Dog-sitting is a tricky business. I purposely borrowed our good friends, The Gospers', dog, a sweet cocker spaniel named Marshmallow, to determine if in fact The Thompsons should take the plunge. A few days in, I'm still unclear on what to do, am beginning to think maybe dog-sharing is the best thing for now, but one thing is perfectly clear: I have a lot to learn about my own fears and need for control. Marshmallow gets a gold star for forcing me to face them!
It all crystalized on our morning walk yesterday, as Marshmallow took off running down the sidewalk, me trying in vain to keep up and not yank on her leash. Once in the park, I knew she wanted to run free, could according to the rules, but I kept her leashed.
As I passed another woman with her own little dog, off her leash, free, I explained guiltily, defensively, "She's not my dog, I'm afraid to let her off the leash..."
The woman smiled. "Well," she said, "this is my dog, and I'm afraid to her off the leash too." She shrugged. Clearly, she was beating back her demons for the sake of the dog. Good for her.
I commended her. "You're a braver woman than I," I said.
I followed Marshmallow's lead to the water, pulling her back and away from her potential new puppy friend diving in happily. I didn't want to have to deal with a wet dog, to deal with how she and the puppy might interact. I couldn't always control her. She seemed to have her own mind about other dogs, to sniff them and then, sometimes, antagonize. Could I trust her? It was hard to tell.
The other dogs swirled around freely, off leash. Finally, a man, crouched down in the field next to the pond, encouraged me. "Come on," he said, "it'll be fine."
It was all I needed. I felt bad for Marshmallow, knew what I was doing was wrong and, still, it was hard to give myself that extra push. This man's calm, confident voice did that for me.
I smiled, "Ok, Ok..." I said, crouching down myself to unhook the lead.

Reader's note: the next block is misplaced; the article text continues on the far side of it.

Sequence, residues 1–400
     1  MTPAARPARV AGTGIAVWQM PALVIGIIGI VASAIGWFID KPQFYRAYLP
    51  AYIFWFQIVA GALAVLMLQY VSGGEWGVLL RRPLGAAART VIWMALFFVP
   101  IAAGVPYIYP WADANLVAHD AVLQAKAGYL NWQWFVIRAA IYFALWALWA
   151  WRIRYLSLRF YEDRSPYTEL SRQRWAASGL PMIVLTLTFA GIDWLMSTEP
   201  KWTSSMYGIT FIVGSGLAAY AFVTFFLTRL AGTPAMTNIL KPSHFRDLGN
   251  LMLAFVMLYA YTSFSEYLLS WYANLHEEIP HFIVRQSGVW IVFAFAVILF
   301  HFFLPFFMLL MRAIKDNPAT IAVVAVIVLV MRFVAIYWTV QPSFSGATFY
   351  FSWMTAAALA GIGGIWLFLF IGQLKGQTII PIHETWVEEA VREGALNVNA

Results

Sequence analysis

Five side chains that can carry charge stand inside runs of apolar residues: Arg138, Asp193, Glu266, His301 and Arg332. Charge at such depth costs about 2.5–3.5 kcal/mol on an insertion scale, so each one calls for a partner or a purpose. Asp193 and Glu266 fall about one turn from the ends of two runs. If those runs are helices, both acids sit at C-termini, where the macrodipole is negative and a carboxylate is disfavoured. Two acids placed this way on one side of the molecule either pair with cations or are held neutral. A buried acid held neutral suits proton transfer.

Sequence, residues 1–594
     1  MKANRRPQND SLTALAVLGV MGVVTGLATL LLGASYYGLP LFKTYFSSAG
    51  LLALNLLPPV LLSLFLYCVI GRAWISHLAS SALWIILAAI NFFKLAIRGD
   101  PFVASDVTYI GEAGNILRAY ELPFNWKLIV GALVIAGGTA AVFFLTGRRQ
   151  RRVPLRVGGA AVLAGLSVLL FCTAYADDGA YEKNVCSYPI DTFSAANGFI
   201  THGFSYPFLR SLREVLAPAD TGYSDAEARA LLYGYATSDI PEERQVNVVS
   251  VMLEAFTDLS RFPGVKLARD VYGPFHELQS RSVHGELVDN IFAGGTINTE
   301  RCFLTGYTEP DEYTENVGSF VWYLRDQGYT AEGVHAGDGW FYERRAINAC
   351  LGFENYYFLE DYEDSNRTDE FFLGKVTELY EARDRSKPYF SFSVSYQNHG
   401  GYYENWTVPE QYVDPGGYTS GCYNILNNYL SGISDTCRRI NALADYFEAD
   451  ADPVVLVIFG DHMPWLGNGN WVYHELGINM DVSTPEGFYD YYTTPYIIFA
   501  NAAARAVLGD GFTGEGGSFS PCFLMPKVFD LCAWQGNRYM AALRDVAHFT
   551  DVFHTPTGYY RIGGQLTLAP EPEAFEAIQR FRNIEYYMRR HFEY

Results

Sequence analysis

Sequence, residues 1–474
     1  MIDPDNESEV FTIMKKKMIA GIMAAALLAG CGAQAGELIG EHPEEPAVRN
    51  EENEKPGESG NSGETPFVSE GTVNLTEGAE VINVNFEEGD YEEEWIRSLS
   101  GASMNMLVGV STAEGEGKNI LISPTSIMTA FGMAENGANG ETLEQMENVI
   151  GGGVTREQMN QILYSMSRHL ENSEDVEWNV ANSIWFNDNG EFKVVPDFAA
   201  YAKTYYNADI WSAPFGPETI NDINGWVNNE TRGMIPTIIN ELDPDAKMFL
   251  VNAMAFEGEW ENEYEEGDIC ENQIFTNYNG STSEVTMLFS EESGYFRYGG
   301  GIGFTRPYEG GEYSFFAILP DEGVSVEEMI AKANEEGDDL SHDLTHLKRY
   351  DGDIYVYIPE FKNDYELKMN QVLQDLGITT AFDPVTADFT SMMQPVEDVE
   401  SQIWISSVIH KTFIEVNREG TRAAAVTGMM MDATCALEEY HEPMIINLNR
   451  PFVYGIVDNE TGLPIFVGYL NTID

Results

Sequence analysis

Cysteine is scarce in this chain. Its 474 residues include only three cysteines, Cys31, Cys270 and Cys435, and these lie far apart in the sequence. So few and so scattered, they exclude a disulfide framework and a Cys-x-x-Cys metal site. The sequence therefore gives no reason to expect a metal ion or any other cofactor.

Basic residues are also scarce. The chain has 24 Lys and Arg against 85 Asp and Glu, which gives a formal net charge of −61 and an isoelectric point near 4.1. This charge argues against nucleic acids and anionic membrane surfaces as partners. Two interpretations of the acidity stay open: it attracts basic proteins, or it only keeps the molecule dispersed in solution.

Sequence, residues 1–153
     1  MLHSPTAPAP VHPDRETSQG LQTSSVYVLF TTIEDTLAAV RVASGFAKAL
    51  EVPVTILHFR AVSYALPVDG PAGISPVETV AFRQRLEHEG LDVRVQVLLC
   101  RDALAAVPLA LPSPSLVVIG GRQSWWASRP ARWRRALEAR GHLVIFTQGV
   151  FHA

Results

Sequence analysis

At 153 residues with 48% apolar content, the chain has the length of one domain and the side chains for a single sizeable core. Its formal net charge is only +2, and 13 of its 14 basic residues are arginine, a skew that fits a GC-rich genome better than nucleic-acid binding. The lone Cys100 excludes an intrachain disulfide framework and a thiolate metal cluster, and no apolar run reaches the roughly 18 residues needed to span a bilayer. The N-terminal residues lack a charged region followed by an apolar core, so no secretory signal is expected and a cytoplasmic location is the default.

As we watched Marshmallow run free, tail wagging, tongue lolling happily to the side, I looked at the man.
"Thank you," I said. "I wanted not to be worried but..."
He waved me off. "I don't usually say anything..."
"You could tell I'd be receptive," I said. He nodded.
Soon, of course, Marshmallow was swimming and then out, rolling around in the dirt.
"Oh, yeah, now I remember why I didn't want her off the leash..." I said, laughing. I looked at the man, my new mentor. "Don't worry, I won't blame you."
Marshmallow played a while, nicely, getting the excercise she needed. Then, with a wave to our new friends, she and I set off onto the trails I usually travail alone. I could feel my heart sink deeper into my chest every time she would take off running, out of sight. But, then, I would call her, squeeze her little squeaky toy, and she was back, running full speed ahead straight for me. Every time, I would think to myself, 'A little trust goes a long, long way.'
It is a good lesson for dog-ownership surely, for parenting too, for life: you can't always control a situation. You have to let go, and believe.
Thanks Marshy Marsh, my new furry friend, and other brave owners of urban dogs, for helping me see how much work I have yet to do, how hard, still, always, I have to try!